Cary Williams had his “Welcome to the NFL moment” early in his second season.
The now-Ravens cornerback played for the Titans in 2009 and had the unenviable task of covering Randy Moss. Back then, Moss was a New England Patriot, catching go routes from Tom Brady.
But it took a bit of trickery for Williams to surrender his first touchdown pass as a pro.
“[Moss] hit me on a flea flicker; Brady threw a great pass, he made a great play,” Williams said of one of the three touchdown catches Moss had that day.
“You can’t sleep on Randy at all,” William said. “He’s a guy who can get over the top on you at any given moment.”
More than three years have passed since Moss, the enigmatic receiver who spends his offseasons in Boca Raton, torched Williams. And two weeks shy of his 36th birthday, Moss has lost at least a step — and maybe two — from his prime.
But Moss still has the ability to go up and over corners for the football — a leaping display dubbed as “Mossing” the opposing player — that should at least give the Ravens pause when the veteran receiver, now with the 49ers, takes the Superdome field Sunday.
After a year out of football, Moss found himself in a new, foreign role in San Francisco: veteran mentor. The one-time NFL bad-boy — kicked out of Florida State for drugs and run out of Minnesota for repeated character run-ins — has mellowed with age.
He has played Yoda to developing San Francisco receivers such as Michael Crabtree, and despite limited chances, still managed 28 catches for 434 yards and four touchdowns.
And while Moss’ physical skills might be diminished, his opinion of himself remains as strong as ever.
“I think when it comes to going out there, making plays and helping the team do the things that they are able to do to win the game — I think I am the greatest receiver ever, point blank,” Moss said this week.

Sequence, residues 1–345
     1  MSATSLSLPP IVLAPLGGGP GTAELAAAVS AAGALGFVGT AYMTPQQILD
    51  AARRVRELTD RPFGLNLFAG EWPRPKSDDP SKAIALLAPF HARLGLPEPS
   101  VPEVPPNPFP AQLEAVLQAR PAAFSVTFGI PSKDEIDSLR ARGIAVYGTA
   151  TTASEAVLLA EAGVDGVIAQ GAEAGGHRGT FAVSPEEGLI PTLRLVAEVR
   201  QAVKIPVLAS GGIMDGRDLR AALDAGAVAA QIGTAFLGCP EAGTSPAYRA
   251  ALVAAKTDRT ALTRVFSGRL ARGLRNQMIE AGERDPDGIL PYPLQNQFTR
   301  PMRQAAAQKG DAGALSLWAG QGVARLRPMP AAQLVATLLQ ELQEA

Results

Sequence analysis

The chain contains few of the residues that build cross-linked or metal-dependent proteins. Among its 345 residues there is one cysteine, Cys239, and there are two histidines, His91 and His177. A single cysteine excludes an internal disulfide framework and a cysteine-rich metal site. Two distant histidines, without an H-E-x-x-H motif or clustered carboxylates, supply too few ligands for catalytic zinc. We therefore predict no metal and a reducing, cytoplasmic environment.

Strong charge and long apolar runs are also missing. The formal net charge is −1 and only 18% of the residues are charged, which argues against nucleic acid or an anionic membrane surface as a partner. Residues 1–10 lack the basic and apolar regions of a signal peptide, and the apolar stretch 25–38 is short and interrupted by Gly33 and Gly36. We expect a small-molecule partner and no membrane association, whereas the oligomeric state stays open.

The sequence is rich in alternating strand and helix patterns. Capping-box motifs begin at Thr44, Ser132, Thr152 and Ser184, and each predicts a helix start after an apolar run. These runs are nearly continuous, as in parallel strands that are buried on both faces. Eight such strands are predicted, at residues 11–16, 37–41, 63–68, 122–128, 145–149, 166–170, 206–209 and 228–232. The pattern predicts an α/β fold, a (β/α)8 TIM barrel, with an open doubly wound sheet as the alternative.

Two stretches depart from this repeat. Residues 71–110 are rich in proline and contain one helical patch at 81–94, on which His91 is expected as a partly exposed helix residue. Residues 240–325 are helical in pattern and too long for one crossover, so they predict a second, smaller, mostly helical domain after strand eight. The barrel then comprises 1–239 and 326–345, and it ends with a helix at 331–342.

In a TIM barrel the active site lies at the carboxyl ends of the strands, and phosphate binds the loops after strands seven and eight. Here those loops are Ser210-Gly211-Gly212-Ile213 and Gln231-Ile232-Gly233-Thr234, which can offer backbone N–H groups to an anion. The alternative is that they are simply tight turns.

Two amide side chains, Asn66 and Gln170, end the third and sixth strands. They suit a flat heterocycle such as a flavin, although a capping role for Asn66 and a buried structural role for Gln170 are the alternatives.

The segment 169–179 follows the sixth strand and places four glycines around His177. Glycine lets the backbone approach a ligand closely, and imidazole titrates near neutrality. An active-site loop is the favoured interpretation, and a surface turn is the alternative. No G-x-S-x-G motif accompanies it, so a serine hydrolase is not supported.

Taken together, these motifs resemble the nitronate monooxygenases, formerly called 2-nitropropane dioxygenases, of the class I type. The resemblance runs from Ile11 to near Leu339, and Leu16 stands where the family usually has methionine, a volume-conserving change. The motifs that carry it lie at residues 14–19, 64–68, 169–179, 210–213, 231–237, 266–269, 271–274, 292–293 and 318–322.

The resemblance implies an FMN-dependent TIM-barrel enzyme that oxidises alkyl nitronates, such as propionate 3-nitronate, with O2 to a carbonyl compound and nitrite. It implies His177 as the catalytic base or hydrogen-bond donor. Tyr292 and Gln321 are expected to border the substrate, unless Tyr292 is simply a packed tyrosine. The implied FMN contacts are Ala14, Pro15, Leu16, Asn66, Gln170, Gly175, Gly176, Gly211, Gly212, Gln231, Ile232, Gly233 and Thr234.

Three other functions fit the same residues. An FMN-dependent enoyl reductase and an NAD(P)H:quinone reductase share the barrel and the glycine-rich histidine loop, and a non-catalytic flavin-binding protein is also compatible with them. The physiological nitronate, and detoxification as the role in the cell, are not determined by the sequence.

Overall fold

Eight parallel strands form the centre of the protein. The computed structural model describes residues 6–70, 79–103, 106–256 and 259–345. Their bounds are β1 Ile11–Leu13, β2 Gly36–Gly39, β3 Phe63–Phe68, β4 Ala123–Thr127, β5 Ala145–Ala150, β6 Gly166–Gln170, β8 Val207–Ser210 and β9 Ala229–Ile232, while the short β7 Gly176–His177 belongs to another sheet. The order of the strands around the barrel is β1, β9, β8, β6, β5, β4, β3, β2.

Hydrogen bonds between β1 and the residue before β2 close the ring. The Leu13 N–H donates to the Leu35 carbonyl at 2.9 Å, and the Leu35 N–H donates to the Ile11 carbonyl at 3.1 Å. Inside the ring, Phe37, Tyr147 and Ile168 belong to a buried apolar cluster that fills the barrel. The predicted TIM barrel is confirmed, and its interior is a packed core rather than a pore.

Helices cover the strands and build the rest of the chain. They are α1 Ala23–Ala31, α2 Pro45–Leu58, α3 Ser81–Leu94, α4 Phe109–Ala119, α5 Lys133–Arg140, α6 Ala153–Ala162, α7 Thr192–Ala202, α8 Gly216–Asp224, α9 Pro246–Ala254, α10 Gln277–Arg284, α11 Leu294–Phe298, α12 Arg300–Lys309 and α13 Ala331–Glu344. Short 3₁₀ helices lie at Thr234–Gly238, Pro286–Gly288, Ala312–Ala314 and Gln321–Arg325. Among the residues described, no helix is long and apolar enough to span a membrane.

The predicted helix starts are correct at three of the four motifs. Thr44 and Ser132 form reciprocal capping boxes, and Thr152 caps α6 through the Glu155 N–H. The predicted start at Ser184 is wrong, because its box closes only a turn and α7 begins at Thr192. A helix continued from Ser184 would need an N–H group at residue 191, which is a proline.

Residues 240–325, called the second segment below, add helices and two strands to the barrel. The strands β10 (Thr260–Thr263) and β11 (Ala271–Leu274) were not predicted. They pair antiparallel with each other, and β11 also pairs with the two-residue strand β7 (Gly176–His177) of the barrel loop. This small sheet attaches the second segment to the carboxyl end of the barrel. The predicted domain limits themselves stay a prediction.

Bold talk. But Moss’ stats suggest he at least belongs in the conversation.
His 156 career touchdown receptions are second in NFL history, and his receiving yards (15,292) rank third.
“You are talking about Randy Moss,” Crabtree said at Media Day on Tuesday. “He is a legendary wide receiver. His voice alone gets you hyped. Him being around just brings the best out of us.”
Quipped Ravens safety Bernard Pollard: “Randy is an amazing talent. He’s a veteran in that locker room who’s been there and who’s done that. I’ve got nothing but respect for the man.”
For many, Moss will forever be associated with his repeated screw-ups. That list is long — from giving questionable effort on the football field to admitted drug use to hitting a traffic officer with his car while making a wrong turn.
But Moss believes the public doesn’t know the true him and hopes to change that with his own words. He plans to write a book that will help people understand him better.
“I have been through a lot, and I put a lot of heart, soul and dedication into this,” Moss said. “Sacrificing each and every day to make sure I go out here and prepare myself to be the best. I think that is going to be one of the main focal points of my book.
“The approach that I took to be how I am.”
Whatever your opinion of Moss, the NFL is more interesting with him in it. And unlike Ray Lewis, who will retire after Sunday’s Super Bowl, Moss plans to return in 2013 for his 15th season.
“I love this game of football so much,” Moss said. “I don’t like everything that comes with it, but going out on the field between the white lines and playing football is something I’ve always done.
“For me to be here, it’s just like a dream because I would have never thought in a million years that this would happen.”